Holy, holy, holy is the Lord…” Perhaps a tribute by the Seraphim to the Trinity, the Hebrew meaning of Holy implied to Isaiah that God was unapproachable and separate, exposing his sin and he cried, “It’s all over! I am doomed, for I am a sinful man. I have filthy lips, and I live among a people with filthy lips. Yet I have seen the King, the Lord of Heaven’s Armies.’ Then one of the seraphim flew to me with a burning coal he had taken from the altar with a pair of tongs. He touched my lips with it and said, ‘See, this coal has touched your lips. Now your guilt is removed, and your sins are forgiven.’” (5-8)

To be sure, an encounter of this magnitude with the living God could only humble us, but our loving God would not leave us wallowing in our sin and separation as Isaiah feared.

No, He offers the coal, the fire of the Spirit, the blood of the sacrificial Lamb from the altar to remove our guilt and sin.  And just as He asked Isaiah, the Lord asks us, “Whom should I send as a messenger to this people? Who will go for us?” (8)

So the question for us from Isaiah’s encounter with God is whether or not we will separate from our busy lives and step away to His presence where He will purify us and where we will receive the words, the songs and prose He wants to give us to touch our world.  Even more sobering, if He asks us, will we go? 

Moving Forward:  Stepping away to sit in His Holy presence, I’m so very thankful for His cleansing.  I’ll wait to receive all that He has for me today. 

Tomorrow @ Matthew 2

Acts 23-25 (NLT) 

Discover His heart: He enables us to fulfill our calling

Even though lawyers are often the target of jokes and ridicule, we evidently enjoy observing them work.  At any time of the day, we can watch them wax eloquent in the courts of justice on the ever popular Law and Order, Matlock or the original defender of the accused, Perry Mason.  With so many injustices in the world, apparently seeing justice reign supreme for an hour does our hearts good.

The Apostle Paul was accused of several crimes by the Jewish leaders and spent some time in court himself, but he didn’t hire a high profile overpaid attorney to defend him.  It seems he offered his own defense, and the case moved along in just the direction he wanted it to move.  From scripture we know that Paul was a great defender, not only of himself, but of the Gospel of Jesus Christ. 

@ Acts 23
“Gazing intently at the high council, Paul began: ‘Brothers, I have always lived before God with a clear conscience!’ Instantly Ananias the high priest commanded those close to Paul to slap him on the mouth. But Paul said to him, ‘God will slap you, you corrupt hypocrite!  What kind of judge are you to break the law yourself by ordering me struck like that?’” (1-3)  I’m not very savvy about courtroom etiquette, but I’m fairly certain that calling the judge a corrupt hypocrite was not proper protocol. Even though the judge was out of line in his command, Paul did not defend his words to him but quickly apologized, “I’m sorry, brothers. I didn’t realize he was the high priest,’ Paul replied, ‘for the Scriptures say, “You must not speak evil of any of your rulers.’” (5)  For Paul, it was prudent to move to the matter at hand.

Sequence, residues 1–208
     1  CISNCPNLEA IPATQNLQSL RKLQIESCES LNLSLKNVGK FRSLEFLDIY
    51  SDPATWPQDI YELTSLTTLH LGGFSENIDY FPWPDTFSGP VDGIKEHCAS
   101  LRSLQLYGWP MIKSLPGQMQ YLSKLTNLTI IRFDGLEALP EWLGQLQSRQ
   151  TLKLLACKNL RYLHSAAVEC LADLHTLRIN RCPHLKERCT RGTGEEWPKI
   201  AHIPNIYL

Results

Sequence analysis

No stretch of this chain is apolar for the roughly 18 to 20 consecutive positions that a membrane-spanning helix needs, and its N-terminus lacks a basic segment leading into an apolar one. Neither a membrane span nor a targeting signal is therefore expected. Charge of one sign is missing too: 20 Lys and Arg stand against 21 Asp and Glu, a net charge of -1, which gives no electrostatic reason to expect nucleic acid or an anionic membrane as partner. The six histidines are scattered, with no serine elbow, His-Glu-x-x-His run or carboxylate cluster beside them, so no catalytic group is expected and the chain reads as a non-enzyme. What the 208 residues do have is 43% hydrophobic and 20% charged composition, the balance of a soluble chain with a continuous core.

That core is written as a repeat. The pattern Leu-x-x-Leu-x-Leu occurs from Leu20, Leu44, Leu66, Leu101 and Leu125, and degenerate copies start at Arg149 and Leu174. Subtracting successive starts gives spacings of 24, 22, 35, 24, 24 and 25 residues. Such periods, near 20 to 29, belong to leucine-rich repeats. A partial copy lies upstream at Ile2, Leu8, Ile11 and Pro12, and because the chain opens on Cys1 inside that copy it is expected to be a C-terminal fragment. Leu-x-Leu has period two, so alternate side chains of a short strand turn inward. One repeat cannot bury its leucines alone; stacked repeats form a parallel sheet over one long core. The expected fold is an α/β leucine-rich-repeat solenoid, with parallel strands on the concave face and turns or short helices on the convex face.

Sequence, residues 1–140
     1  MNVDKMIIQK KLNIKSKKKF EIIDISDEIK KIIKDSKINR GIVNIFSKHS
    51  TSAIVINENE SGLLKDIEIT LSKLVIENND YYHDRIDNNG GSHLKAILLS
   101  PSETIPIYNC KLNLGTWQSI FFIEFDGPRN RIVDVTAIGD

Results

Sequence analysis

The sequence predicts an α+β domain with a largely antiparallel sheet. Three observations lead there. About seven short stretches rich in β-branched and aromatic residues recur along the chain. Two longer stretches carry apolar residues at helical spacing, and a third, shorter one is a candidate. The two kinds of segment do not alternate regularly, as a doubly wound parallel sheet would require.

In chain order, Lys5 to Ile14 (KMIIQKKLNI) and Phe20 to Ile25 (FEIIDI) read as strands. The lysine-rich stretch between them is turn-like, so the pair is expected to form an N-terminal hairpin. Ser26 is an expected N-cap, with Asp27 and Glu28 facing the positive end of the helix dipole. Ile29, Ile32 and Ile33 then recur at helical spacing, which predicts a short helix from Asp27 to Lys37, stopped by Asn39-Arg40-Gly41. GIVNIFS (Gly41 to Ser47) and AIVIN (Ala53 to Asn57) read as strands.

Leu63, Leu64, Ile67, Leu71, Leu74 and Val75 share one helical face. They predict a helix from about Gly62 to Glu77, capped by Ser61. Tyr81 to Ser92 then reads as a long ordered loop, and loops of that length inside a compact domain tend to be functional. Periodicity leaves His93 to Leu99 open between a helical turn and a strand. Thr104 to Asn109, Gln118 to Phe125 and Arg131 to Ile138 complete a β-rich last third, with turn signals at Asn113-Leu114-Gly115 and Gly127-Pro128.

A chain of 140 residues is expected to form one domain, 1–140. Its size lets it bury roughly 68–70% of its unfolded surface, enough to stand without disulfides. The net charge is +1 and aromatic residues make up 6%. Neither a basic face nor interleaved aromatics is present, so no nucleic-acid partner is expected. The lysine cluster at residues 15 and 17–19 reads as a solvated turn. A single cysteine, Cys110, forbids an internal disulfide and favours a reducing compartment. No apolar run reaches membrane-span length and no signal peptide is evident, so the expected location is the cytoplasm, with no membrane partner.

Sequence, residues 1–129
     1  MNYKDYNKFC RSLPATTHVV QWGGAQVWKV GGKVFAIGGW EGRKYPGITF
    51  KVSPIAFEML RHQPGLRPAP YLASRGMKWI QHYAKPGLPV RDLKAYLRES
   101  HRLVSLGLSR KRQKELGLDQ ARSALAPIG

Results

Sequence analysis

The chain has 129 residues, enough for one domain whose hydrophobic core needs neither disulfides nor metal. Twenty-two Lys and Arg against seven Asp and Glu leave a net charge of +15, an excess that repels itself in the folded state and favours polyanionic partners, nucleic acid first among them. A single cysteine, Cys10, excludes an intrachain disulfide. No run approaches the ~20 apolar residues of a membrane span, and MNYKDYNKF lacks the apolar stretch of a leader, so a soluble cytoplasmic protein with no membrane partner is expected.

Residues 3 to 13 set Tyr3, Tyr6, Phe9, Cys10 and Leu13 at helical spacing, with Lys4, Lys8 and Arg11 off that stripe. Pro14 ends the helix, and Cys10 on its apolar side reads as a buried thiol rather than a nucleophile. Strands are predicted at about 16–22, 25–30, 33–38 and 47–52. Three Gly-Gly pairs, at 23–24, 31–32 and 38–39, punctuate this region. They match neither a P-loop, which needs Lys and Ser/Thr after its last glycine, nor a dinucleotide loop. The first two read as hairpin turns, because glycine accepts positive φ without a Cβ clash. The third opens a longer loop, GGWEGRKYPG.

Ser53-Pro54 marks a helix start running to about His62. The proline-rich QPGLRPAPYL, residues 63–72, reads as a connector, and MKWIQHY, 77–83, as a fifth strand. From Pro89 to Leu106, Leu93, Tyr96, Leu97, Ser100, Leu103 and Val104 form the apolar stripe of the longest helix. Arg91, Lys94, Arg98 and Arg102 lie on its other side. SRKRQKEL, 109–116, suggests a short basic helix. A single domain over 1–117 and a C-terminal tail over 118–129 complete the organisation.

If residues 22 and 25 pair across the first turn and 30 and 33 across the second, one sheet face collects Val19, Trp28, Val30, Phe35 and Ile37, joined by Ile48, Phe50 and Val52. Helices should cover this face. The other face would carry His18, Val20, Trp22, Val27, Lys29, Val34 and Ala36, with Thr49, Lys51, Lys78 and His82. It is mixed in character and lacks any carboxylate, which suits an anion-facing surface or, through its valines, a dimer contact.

“Brothers, I am a Pharisee, as were my ancestors! And I am on trial because my hope is in the resurrection of the dead!” (6)  With this the courtroom became volatile – Pharisees who believed in the resurrection against Sadducees who did not and everyone calling for the death of Paul.  Paul had a knack for stirring the pot.  I can imagine the judge’s gravel demanded a call to order but with little effect.  Fearing for Paul’s life, the Commander in charge whisked him away to safety to stand before the court in Caesarea and Governor Felix. 

@ Acts 24
Regardless of the plans of the Jewish leaders and the Roman government, Paul was on a mission to present the gospel.  His defense was not for his own life, but for the sake of the mission that Jesus confirmed to him in the lonely jail as he awaited trial, “Be encouraged, Paul. Just as you have been a witness to me here in Jerusalem, you must preach the Good News in Rome as well.” (11)  The high priest, Felix, Festus and the angry mob were all witnesses, pawns of God, in the case against Paul.  The Roman jail was his destiny and preaching the gospel to the Romans was his heartbeat.  When Paul appealed to Caesar, the courtroom moved to none other than Rome.

In the meantime, his case held him in Palestine for over two years, and Paul used every opportunity to share about the very One who was the cause for the charges against him.  The ruling governors, the Jewish leaders and finally King Agrippa heard the message of Jesus Christ.  At the end of the day, Paul was not guilty of any of the trumped up charges by the Jewish leaders except one and he boldly admitted to it, “These men cannot prove the things they accuse me of doing. But I admit that I follow the Way, which they call a cult. I worship the God of our ancestors.” (13-14)

I, too, boldly admit that I follow the Way, the gospel of Jesus, and I pray that the evidence is strong enough to convict me.  As in Paul’s day, some may not like it and may bring distractions and accusations my way. However, as a believer in Jesus, I am commissioned with a message of hope to our world just as Paul was.  And let the chips fall where they may.